The combat role of Australians and New Zealanders in Vietnam came to end after nine years on December the 8th when the main body of the 4th Battalion, the Royal Australian Regiment/New Zealand (ANZAC) shipped out from Vung Tau near Saigon aboard the Australian carrier Sydney.
LV Helicopter landing
SV & CU Troops waiting (6 shots)
GV Mascot TILT to men
GV Helicopter landing (2 shots)
SV Man on crutches walking towards helicopter followed by others
SV Troops boarding
SV Shadow of rotor blade
LV Helicopter leaving
LV Aircraft carrier
GV Helicopter flying over carrier (2 shots)
LV Helicopter landing
GV Flag flying from superstructure
GV Soldiers on deck
SV President Thieu walking away from helicopter and inspecting guard of honour (2 shots)
SV President Thieu meeting officers and soldiers watching (2 shots)
SV Thieu talking to solders
SV & CU Thieu presenting gifts to officers
Initials ES. 1534 ES. 1557
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Background: The combat role of Australians and New Zealanders in Vietnam came to end after nine years on December the 8th when the main body of the 4th Battalion, the Royal Australian Regiment/New Zealand (ANZAC) shipped out from Vung Tau near Saigon aboard the Australian carrier Sydney.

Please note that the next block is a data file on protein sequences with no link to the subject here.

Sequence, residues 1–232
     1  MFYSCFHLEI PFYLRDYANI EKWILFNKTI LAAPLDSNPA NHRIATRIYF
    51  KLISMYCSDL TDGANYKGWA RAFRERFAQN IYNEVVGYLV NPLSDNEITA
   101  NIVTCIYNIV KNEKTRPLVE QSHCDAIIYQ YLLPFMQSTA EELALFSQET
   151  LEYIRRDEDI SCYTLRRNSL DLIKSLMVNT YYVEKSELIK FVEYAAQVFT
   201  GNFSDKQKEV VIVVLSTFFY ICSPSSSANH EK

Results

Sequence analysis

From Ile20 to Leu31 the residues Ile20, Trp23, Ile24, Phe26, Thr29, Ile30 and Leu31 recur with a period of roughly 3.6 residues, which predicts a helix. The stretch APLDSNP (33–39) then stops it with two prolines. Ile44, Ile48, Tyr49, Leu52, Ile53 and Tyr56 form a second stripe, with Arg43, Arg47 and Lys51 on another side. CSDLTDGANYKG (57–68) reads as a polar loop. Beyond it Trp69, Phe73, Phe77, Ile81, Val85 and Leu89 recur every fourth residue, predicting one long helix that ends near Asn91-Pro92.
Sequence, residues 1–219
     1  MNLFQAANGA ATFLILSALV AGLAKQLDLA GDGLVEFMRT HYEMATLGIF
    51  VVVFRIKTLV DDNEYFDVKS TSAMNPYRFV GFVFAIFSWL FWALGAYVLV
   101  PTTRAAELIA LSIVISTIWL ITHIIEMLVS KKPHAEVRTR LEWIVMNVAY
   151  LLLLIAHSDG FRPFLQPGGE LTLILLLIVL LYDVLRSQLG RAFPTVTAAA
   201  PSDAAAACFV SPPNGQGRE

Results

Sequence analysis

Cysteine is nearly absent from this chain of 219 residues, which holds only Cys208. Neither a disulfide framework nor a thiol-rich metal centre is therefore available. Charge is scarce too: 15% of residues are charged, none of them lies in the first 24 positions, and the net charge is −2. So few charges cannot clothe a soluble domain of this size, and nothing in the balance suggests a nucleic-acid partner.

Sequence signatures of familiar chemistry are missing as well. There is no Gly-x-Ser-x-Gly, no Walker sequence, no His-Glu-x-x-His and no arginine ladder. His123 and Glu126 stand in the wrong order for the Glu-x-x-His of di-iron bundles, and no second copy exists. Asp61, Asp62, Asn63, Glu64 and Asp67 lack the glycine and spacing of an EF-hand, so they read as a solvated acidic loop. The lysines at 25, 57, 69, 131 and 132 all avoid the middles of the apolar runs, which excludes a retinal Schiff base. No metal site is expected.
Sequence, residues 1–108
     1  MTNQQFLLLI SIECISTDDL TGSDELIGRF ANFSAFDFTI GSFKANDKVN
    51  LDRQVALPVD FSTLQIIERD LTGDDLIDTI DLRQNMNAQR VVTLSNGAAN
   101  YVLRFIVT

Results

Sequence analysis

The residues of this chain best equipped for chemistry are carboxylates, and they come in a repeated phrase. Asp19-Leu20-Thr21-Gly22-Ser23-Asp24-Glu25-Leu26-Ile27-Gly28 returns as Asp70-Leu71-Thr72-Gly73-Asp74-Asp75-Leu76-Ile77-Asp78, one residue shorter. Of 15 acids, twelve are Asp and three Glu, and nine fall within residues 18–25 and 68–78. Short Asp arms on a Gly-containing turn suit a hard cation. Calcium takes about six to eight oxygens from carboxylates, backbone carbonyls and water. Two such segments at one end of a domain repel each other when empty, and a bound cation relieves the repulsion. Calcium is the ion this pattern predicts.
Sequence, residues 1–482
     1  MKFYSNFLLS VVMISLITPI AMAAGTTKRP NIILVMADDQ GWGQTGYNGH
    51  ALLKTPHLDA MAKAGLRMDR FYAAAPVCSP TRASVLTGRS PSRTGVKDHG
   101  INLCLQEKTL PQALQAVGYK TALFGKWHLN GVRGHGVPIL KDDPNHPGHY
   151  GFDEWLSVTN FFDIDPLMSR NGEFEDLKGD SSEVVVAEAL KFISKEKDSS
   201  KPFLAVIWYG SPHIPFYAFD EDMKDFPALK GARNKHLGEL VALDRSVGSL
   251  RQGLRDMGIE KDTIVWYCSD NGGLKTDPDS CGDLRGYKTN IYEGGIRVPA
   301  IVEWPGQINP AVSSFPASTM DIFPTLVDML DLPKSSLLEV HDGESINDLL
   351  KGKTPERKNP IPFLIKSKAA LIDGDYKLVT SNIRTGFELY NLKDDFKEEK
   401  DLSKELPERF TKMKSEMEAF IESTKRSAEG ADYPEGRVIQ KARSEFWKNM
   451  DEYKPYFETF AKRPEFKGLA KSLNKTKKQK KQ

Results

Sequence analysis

President Nguyen Van Thieu of South Vietnam attended the ceremonial farewell to the unit aboard the Sydney.
SYNOPSIS: On December the 8th the combat role of Australians and New Zealanders in Vietnam came to an end when helicopters at Vung Tau heliport near Saigon air-lifted men of the Royal Australian Regiment aboard the Australian carrier 'Sydney' for their return to base in Townsville, Australia.
These are man of the 4th Battalion of the Anzac Regiment, Australia's last major unit in South Vietnam. The Saigon-based battalion arrive in Vietnam on May 23 this year, and quickly began operations in the northern areas of Phuoc Tuy Province.
Their withdrawal ends Australia's nine-year involvement in the Vietnam war, apart from the retention of an unspecified number of advisors to help train South Vietnamese troops.
Australia's commitment began in 1962 with a group of 30 advisors at Warrant Officer level, building up to a peak commitment of 8,500.
The main Australian task force has handed over its base at Nui Dat in Phuoc Tuy Province to the South Vietnamese Army, which will take over any worthwhile material and equipment.
South Vietnam's President Nguyen Van Thieu bid a ceremonial farewell to the Anzac troops on H.M.A.S. Sydney, inspecting a Guard of Honour and talking to officers and men. He also said to the Anzacs that the areas controlled by them, particularly around Nui Dat, were by common consensus among the most secure in Vietnam. Vung Tau near Saigon, one of South Vietnam's most popular resorts and active economic centres, had also greatly benefitted from their presence, he said.